gun violence

‘What the F*ck?’ Is Right

Photo: MARK RALSTON/AFP/Getty Images

One grim product of the mass-shooting age is that American presidential candidates will find themselves responding to at least one such event as it unfolds live on the campaign trail. On Saturday, Beto O’Rourke learned a mass shooting was taking place in his hometown of El Paso just before he was scheduled to appear at a labor-union conference in Las Vegas. Onstage, he was visibly shaken as he recounted calling his wife when he heard the news. “Just a real reminder of what’s most important at the end of the day for all of us,” he said.

But it was on Sunday, after news broke of another mass shooting in Dayton, Ohio, and after O’Rourke had broken from his fund-raising trip to head home, that he gave a different, unvarnished reaction to reporters. Someone asked him whether Donald Trump’s racist, anti-immigrant rhetoric had anything to do with the El Paso tragedy, before which the suspect, now in custody, had published a white-supremacist screed on the website 8chan.

“What do you think? You know the shit he’s been saying,” O’Rourke said. “He’s been calling Mexican immigrants rapists and criminals. I don’t know, like, members of the press, what the fuck? Hold on a second. You know, I — it’s these questions that you know the answers to. I mean, connect the dots about what he’s doing in this country. He’s not tolerating racism; he’s promoting racism. He’s not tolerating violence; he’s inciting racism and violence in this country. So, you know, I just — I don’t know what kind of question that is.”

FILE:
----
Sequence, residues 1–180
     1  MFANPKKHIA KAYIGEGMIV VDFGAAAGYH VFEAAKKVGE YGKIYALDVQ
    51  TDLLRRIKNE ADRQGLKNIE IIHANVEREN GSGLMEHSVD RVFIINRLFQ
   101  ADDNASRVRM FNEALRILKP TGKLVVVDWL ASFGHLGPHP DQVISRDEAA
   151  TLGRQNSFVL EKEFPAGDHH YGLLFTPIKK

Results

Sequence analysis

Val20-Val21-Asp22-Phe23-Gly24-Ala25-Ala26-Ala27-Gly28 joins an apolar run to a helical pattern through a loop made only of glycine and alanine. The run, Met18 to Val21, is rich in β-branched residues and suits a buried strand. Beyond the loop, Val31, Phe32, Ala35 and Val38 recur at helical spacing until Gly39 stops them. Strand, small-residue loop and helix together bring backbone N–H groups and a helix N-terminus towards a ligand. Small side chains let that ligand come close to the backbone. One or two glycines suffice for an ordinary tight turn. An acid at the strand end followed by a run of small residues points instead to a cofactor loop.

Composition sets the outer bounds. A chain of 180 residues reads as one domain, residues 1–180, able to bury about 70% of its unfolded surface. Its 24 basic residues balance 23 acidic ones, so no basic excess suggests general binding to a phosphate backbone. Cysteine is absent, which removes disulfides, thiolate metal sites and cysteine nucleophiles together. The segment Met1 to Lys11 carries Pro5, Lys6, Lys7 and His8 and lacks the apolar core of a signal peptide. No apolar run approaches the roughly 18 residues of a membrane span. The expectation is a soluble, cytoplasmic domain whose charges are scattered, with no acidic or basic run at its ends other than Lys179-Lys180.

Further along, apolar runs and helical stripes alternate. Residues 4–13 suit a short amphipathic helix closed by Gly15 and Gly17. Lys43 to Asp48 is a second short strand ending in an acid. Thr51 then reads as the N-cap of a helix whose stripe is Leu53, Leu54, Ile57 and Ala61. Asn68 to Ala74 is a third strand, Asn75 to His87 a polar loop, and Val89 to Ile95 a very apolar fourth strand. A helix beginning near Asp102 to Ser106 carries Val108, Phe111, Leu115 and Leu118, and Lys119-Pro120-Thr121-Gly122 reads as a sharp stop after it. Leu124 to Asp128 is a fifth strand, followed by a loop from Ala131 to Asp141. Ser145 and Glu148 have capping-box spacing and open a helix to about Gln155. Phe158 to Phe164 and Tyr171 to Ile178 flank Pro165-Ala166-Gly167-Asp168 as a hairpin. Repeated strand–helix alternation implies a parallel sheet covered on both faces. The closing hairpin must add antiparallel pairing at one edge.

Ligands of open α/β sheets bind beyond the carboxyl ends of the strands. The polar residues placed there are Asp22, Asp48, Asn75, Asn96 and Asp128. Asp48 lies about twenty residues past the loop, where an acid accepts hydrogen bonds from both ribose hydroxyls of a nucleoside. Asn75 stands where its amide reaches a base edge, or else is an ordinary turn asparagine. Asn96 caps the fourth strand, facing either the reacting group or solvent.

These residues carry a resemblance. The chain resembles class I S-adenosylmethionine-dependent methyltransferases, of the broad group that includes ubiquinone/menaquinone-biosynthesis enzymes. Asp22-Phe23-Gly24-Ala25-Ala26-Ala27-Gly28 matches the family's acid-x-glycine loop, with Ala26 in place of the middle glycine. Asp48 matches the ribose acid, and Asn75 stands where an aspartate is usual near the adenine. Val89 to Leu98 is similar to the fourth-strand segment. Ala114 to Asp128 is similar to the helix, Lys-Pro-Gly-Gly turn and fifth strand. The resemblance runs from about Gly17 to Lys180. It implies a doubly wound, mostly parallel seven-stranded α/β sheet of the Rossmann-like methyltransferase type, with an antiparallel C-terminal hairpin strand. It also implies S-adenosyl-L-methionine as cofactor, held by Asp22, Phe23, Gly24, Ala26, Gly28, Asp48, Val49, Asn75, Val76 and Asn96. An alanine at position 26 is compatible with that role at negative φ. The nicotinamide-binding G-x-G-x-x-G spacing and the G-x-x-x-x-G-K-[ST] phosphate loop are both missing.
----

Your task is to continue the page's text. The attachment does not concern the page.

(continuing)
O’Rourke’s off-the-cuff utterance stood out from the reactions of other candidates, who were likely just as genuine but whose responses had more words but somehow less feeling. They used more-familiar turns of phrase — they said we can’t tolerate this violence, they said we need background checks, they said they “had no words.”

All true, but none cut through like “What the fuck?” “What the fuck?” is the opposite of politicians’ canned “thoughts and prayers,” even the criticism of which has now become canned.

“What the fuck?” is so effective because it demands our acknowledgment that we know, actually, why this is happening, despite some people asking as if the answer weren’t obvious. We know that having a racist, xenophobic, misogynist voice at the top is certainly more than “connected” to violent events in our country and that is has possibly never been more clear than it was this weekend in El Paso and Dayton.

“What the fuck?” is frustrated with the way we talk about these horrors as if they were mystifying. And it is adequately tired. It gestures at the whole gaping maw of millions of guns in America, the ones used in mass shootings, the ones at our militarized border, and the ones that kill black and brown people at much higher rates, which we don’t even deign to note with thoughts and prayers. “What the fuck?” is the only appropriate response to going to bed on Saturday with the knowledge of one mass shooting and waking up on Sunday to another.

‘What the F*ck?’ Is Right